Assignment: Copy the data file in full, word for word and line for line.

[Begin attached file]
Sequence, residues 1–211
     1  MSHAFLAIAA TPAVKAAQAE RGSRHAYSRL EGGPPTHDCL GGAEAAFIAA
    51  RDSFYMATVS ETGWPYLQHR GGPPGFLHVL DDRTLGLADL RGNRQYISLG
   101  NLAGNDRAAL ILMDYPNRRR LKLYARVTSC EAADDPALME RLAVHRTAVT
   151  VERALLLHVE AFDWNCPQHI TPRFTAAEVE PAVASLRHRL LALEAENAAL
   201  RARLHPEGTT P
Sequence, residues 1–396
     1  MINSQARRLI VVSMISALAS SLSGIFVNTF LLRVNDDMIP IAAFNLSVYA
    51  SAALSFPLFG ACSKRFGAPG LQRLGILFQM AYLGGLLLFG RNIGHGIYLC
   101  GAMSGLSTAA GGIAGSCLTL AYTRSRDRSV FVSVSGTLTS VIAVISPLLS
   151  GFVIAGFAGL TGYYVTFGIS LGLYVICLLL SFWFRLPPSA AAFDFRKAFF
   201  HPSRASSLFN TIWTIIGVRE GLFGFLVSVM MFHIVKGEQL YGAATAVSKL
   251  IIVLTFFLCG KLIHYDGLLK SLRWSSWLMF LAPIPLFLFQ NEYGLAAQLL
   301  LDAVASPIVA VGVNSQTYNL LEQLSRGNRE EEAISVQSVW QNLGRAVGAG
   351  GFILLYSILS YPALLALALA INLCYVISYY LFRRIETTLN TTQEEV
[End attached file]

Sequence, residues 1–211
     1  MSHAFLAIAA TPAVKAAQAE RGSRHAYSRL EGGPPTHDCL GGAEAAFIAA
    51  RDSFYMATVS ETGWPYLQHR GGPPGFLHVL DDRTLGLADL RGNRQYISLG
   101  NLAGNDRAAL ILMDYPNRRR LKLYARVTSC EAADDPALME RLAVHRTAVT
   151  VERALLLHVE AFDWNCPQHI TPRFTAAEVE PAVASLRHRL LALEAENAAL
   201  RARLHPEGTT P
Sequence, residues 1–396
     1  MINSQARRLI VVSMISALAS SLSGIFVNTF LLRVNDDMIP IAAFNLSVYA
    51  SAALSFPLFG ACSKRFGAPG LQRLGILFQM AYLGGLLLFG RNIGHGIYLC
   101  GAMSGLSTAA GGIAGSCLTL AYTRSRDRSV FVSVSGTLTS VIAVISPLLS
   151  GFVIAGFAGL TGYYVTFGIS LGLYVICLLL SFWFRLPPSA AAFDFRKAFF
   201  HPSRASSLFN TIWTIIGVRE GLFGFLVSVM MFHIVKGEQL YGAATAVSKL
   251  IIVLTFFLCG KLIHYDGLLK SLRWSSWLMF LAPIPLFLFQ NEYGLAAQLL
   301  LDAVASPIVA VGVNSQTYNL LEQLSRGNRE EEAISVQSVW QNLGRAVGAG
   351  GFILLYSILS YPALLALALA INLCYVISYY LFRRIETTLN TTQEEV